In carrying out this strategy, we would inevitably need to make tactical adjustments. As I have often said, I would consult with commanders on the ground and the Iraqi government to ensure that our troops were redeployed safely, and our interests protected. We would move them from secure areas first and volatile areas later. We would pursue a diplomatic offensive with every nation in the region on behalf of Iraq’s stability, and commit $2 billion to a new international effort to support Iraq’s refugees.

So, what did everyone miss?

I guess I get annoyed with the idea of a candidate actually saying something, and his fellow politicians (along with a heapin' helpin' of voters) all getting together and saying "Yeah, he said that, but he's really not going to do that, is he??"

Well, yeah.  Apparently so.

Tuesday, February 24, 2009

"Madame Speaker, The President of the United States" (VIDEO)

Monday, February 23, 2009

Rahmbo puts it best...

The White House Chief of Staff backed something I said up...

Granted, he doesn't know me, know (or read) this blog, or even care what this blog has to say, but still...

That's not the point, the point is he said something I said, but said it far, far better...

"Now, my view is that Krugman as an economist is not wrong. But in the art of the possible, of the deal, he is wrong. He couldn't get his legislation."

Very reasonable. He just said it flat out, what Krugman is saying about the size of the Stimulus Package is bang on the money, but we still couldn't get it through the Congress. Despite how some (maybe even me) are making it out to be confrontational, I don't think it is.

There's been some pitter-patter from the small group of Liberals I don't like. Andrew Leonard over at Salon continues.

If Obama had asked for a $1.2 trillion or greater stimulus package, it's just as possible that he would have scared off some of the more conservative Democratic senators and made passing his bill even tougher. Who better to make that calculation that Rahm Emanuel, a veteran of both the White House and Congress?

Sunday, February 22, 2009

Trailblazer is Toast IV: Weak tea...

It's been a busy Trailblazer watch...

Still toast, mind you.

On Friday, Burris' Chief of Staff, admittedly on loan from Harry Reid, the Senate Majority Leader, decided to quit, and return to his old job on Friday. I'd say this was rats deserting a sinking ship, but...this guy isn't part of this drama, and he's no rat.

Needless to say, the ship is sinking.

Also on Friday, Robert Gibbs, speaking for the Administration advised Senator Burris to think long and hard about his future over the coming weekend.

In other words, we're giving a big speech Tuesday, we'd rather not see you there (or worse, have cameras focus on you at all).

And, of course, like all things Burris...things have gotten worse...



Didn't I say he can't do that??

According to the Chicago Sun Times:

Federal authorities questioned Sen. Roland Burris on Saturday — a long-awaited interview involving his Senate seat appointment — the Chicago Sun-Times-NBC/5 team has learned.

Burris is not accused of wrongdoing, but he was questioned in the case that centers on ousted Gov. Rod Blagojevich and his alleged attempts to sell President Obama’s former seat.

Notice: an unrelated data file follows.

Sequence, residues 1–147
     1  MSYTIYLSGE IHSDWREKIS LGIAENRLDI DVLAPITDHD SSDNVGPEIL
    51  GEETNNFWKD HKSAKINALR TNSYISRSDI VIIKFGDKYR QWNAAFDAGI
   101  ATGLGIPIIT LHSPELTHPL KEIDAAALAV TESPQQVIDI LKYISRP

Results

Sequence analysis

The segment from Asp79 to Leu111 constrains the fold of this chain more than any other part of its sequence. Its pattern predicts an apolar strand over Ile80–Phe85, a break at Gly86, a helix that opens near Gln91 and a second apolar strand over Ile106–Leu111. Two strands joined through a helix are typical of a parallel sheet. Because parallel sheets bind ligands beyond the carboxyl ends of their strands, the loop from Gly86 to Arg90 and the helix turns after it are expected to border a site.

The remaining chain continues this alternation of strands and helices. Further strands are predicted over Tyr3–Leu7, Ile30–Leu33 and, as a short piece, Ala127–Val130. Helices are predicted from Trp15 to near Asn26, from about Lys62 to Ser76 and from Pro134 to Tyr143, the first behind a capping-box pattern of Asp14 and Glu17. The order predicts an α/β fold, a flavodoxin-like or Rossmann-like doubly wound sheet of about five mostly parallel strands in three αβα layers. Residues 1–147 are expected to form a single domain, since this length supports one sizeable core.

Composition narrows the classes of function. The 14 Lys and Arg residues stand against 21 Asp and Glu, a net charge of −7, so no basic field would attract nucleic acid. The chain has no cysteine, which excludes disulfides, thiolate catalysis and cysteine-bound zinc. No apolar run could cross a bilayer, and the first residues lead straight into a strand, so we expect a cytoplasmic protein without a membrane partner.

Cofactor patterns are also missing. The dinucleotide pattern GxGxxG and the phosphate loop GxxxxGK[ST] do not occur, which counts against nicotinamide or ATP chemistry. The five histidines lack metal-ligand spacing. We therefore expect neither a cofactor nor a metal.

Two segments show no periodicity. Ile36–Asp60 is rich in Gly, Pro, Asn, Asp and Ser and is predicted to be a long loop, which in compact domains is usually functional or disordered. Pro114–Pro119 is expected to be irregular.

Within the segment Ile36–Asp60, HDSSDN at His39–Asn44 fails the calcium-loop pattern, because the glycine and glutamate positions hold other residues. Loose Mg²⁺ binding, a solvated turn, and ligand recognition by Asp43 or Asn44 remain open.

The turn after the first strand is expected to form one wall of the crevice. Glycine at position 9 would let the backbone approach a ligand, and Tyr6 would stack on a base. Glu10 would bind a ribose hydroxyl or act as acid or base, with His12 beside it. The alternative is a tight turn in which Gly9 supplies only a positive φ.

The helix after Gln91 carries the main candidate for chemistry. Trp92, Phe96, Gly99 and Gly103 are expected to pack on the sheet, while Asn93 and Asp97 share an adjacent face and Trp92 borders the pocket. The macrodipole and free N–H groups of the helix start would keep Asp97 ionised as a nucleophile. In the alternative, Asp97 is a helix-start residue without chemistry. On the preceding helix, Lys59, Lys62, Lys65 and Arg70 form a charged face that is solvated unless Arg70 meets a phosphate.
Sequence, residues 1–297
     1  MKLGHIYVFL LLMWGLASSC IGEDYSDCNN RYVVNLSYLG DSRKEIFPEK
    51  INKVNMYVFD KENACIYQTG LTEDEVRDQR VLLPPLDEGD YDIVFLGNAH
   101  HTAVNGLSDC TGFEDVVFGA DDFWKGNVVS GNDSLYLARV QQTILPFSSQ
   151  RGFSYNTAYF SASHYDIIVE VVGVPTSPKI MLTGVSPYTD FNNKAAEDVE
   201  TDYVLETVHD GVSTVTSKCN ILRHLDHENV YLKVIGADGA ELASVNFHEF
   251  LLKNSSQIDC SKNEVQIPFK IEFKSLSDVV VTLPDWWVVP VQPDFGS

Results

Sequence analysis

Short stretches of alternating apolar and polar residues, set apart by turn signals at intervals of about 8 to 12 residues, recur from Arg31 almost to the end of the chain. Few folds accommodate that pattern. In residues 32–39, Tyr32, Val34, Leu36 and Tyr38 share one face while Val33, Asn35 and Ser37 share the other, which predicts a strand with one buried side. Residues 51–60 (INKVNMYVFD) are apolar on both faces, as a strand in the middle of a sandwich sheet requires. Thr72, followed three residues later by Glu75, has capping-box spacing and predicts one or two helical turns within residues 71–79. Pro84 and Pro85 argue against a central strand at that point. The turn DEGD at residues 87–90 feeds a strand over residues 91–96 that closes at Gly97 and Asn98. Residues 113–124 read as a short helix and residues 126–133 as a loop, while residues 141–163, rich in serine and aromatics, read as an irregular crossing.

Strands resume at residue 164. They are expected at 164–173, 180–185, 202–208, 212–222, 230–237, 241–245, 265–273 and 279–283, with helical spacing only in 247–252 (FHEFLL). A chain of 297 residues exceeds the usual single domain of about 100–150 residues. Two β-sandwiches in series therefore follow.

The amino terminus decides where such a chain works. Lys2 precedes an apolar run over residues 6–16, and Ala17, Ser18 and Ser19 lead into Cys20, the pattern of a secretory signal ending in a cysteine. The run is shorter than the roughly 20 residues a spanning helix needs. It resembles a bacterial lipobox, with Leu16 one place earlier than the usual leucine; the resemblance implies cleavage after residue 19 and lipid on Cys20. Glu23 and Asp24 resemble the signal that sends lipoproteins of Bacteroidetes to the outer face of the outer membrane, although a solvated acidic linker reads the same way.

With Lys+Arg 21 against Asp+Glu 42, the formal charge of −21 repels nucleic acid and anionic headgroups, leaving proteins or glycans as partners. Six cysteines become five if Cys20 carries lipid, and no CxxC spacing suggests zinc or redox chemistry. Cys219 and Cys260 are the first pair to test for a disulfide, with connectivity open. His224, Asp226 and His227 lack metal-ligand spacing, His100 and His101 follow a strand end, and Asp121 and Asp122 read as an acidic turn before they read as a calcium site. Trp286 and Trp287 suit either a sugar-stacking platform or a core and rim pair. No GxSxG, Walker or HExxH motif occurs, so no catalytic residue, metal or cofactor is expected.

Authorities interviewed Burris at his lawyer’s office, ostensibly to keep the exchange out of the limelight Burris has recently found himself in.

The questioning, first reported online Saturday by the Sun-Times and NBC/5, went on for several hours. It likely dealt in part with conversations between Burris and Robert Blagojevich. At least one of those conversations was caught on tape.

Burris admitted last week that his lawyers were in contact with the FBI about sitting for an interview, but denied that the contact was his motivation for controversially amending sworn testimony before a House impeachment panel.

And after the interview, Burris’ lawyer, Timothy Wright, said, “I know for a fact that he’s not a target of any investigation.’’

Okay, let's parse some of the wording here.

I have to be honest, from a straight news standpoint, this story is weak tea, as much as I wish it were otherwise. This seems to be a normal part of the investigation into Blagojevich, and given the recent revelations about his contacts with the former Governor and his no-good Brother, I think it's only natural that the FBI had some questions.

From an appearances standpoint, this story couldn't have come at a worse time. At first, when I'm reading it, I'm thinking "AGAIN?!?" And what's damaging to Burris is that a lot of people aren't going to read past the headline, and jump to a mistaken conclusion.

That being said, he should pull the trigger, do us all a favor and pack his bags.

Timothy Wright's statement: “I know for a fact that he’s not a target of any investigation" isn't entirely true. Rather, I should say it's been clipped. He's about to come under scrutiny of the State Senate of Illinois. He is also under investigation by the Senate Ethics Committee. True, they're as slow as molasses on a cold day, and about as effective as...

...actually, I can't think of anything more ineffective than the Senate Ethics Committee, so that metaphor will have to wait.

What Wright meant to say is that he isn't under Federal Investigation.

But with the Governor, the Washington Post, Los Angeles Times, several major Newspapers, the Chicago Ministers, Senator Dick Durbin, and the President of the United States all either calling for your resignation, or hinting at it strongly, it's past time to go. At this point, I want to know what's in the Chicago drinking water that makes Politicians forgo their dignity.